“Back in the day” (pre social media), the following four … Parker, Wine Spectator, Wine Enthusiast, and Tanzer … along with Charlie Olken ruled wine with an iron fist. And, they still do, boys and girls.

This are just my observances from 20+ years of experiences, while being on the inside of the wine world. I don’t have a fancy masters degree in it all, nor am I a Master Sommelier. I just have 60 units devoted to wine sales and marketing, and  focusing my brands on Parker, Wine Spectator, Wine Enthusiast, and Tanzer’s influences, as well as Charlie Olken’s Connoisseurs’ Guide to California Wine. So, it’s just humble opinion and experiences that have driven this observation over the course of the years. Many a blogger is going to take this as an insult, I’m sure. We’d all like to think that we’re playing a major role in changing the course of the wine world. (Remember, bloggers, I’m one of you, too.)

The truth is that each generation is going to change the world, and they do… ultimately. It’s not done overnight, however, as this new generation of wine writers quickly proclaimed, when they hit the Internet running about nine to 10 years ago.

Take this example from Total Wines & More Website:

Rating Source:

  • Australian Wine Showcase (2)
  • Beverage Dynamics (31)
  • Beverage Tasting Institute (4)
  • Burghound (51)
  • Connoisseurs’ Guide (3)
  • Decanter (7)
  • Int’l Wine Cellar (155) – Stephen Tanzer
  • Int’l Wine Review (1)
  • James Halliday (13)
  • James Suckling (91)
  • Tastings.Com (1)
  • The Tasting Panel (9)
  • Wine & Spirits (60)
  • Wine Advocate (777) – Robert Parker
  • Wine Enthusiast (399)
  • Wine Journal (7)
  • Wine News (2)
  • Wine Spectator (619)
  • Antonio Galloni (8)

When you look at the list above, for what this retailer believes are the influencers, there are no wine bloggers. There are only magazines and established journalists (who might have also left their magazines to start their own companies). While blogging and social media may move people to want to try a wine, and perhaps even buy a wine that’s been mentioned, internally… to influence a retailer, bloggers still have a long way to go.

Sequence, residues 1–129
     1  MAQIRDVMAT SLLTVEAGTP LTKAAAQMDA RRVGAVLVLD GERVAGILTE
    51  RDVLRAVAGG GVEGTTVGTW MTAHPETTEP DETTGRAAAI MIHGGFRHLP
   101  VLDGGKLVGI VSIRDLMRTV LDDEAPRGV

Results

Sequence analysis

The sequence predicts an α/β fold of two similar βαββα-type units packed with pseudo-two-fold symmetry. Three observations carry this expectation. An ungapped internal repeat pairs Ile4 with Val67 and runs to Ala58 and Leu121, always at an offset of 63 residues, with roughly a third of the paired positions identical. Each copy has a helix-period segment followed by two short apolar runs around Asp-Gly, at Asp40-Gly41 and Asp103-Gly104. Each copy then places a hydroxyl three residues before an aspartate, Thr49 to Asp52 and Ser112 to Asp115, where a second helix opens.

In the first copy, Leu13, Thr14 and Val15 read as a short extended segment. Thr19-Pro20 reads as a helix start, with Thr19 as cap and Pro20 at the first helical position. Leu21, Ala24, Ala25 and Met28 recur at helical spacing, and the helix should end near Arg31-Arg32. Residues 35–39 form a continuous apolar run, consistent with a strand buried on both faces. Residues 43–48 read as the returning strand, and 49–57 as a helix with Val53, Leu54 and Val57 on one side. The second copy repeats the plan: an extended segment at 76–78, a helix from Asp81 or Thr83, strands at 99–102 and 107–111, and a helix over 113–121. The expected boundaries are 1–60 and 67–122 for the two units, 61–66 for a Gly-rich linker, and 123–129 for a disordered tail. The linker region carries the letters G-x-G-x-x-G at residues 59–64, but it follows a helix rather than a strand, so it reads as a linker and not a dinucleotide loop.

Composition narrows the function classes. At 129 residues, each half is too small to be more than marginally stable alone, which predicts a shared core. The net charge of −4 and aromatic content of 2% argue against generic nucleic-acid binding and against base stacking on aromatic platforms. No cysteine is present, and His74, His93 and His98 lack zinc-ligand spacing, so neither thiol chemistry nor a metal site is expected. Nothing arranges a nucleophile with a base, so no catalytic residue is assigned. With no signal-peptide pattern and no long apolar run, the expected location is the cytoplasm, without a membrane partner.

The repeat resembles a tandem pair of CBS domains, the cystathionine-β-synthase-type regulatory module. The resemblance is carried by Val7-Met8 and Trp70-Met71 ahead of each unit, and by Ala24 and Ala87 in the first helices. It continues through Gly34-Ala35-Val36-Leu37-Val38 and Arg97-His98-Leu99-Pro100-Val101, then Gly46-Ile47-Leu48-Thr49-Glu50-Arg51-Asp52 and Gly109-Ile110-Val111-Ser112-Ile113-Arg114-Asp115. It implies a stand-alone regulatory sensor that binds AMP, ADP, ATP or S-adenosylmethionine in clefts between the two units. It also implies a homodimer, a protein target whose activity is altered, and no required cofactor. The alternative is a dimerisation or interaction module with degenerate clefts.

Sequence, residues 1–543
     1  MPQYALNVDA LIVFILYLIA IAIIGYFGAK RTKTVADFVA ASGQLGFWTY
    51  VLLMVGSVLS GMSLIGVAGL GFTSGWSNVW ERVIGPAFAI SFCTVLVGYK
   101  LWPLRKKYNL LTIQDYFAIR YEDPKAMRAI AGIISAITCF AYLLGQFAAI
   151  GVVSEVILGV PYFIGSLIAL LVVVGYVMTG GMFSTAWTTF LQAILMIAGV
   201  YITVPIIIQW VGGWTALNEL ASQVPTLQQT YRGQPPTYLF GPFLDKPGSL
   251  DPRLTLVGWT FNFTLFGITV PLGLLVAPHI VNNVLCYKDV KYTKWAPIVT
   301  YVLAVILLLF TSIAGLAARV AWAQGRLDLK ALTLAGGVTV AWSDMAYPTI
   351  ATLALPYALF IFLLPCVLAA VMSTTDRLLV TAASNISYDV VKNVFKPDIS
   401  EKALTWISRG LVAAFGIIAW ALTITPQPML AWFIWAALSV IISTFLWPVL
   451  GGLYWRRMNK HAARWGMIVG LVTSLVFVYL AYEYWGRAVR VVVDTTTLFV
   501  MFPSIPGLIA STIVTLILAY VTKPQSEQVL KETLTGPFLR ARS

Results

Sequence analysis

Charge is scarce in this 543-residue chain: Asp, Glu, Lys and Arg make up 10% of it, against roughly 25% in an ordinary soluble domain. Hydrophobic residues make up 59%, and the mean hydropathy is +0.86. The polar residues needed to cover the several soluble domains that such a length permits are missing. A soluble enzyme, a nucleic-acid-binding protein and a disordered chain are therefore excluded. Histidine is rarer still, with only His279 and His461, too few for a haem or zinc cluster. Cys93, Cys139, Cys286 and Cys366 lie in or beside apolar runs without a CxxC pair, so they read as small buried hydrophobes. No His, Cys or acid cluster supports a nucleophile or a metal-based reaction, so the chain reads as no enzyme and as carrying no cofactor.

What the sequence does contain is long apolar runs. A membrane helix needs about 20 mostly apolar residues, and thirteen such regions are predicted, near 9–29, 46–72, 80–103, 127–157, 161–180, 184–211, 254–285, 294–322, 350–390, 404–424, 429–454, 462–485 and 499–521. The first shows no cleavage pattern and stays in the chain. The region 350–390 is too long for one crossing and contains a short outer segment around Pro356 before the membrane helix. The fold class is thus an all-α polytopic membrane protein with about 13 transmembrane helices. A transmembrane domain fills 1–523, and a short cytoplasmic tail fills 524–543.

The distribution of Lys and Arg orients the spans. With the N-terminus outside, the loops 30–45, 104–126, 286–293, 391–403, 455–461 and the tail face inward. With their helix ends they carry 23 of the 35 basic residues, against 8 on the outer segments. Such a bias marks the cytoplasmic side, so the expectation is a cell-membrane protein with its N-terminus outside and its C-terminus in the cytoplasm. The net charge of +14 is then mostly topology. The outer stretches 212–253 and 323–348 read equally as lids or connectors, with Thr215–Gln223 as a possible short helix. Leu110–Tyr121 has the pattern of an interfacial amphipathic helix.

I realize, too, that many of the new generation are writing from their hearts, leaving the journalistic practices behind. Some have taken to writing about wine in metaphors. I do that myself, too, because I’m not a wine critic. I believe it’s the ones who are the true wine critics who will rise to fame more quickly… Example of this are James Suckling and Antonio Galloni. The latter two were working with major names and decided to become independent:

  • Suckling was working with Wine Spectator. Today his Website is simply called James Suckling. A brilliant idea, just telling it like it is. It will be a great challenge, however, to ever sell his site; because, after he’s done, it will never be the same without him. (It would be very good for him to subtitle it now, for a future investment, taking a cue from Robert Parker’s Wine Advocate).
  • Antonio was working with Parker. Today he’s got his own Website called Vinous. Notice he’s made it to the list above at Total Wines and More. His dedication to being a journalist with wine is cementing his future as a major player.

I can think of a few people who, with their wine credentials, if they headed in this direction of wine journalism (instead of writing in metaphors) would fast track themselves into the next list published in a few years; and I hope they do. A bit of conforming will better serve them … In fact, when I think of where I was at their age, it wasn’t until I made some compromises and conformed that I began to flourish in the wine world. We do all eventually grow up, only reading Peter Pan to our children.

UPDATE: From Clinton Stark on August 10, 2013, who just photographed a Whole Foods blackboard on “What is a 90 Point Wine.” I don’t make this stuff up, kids…. Remember what mom said, “Don’t kill the messenger…”

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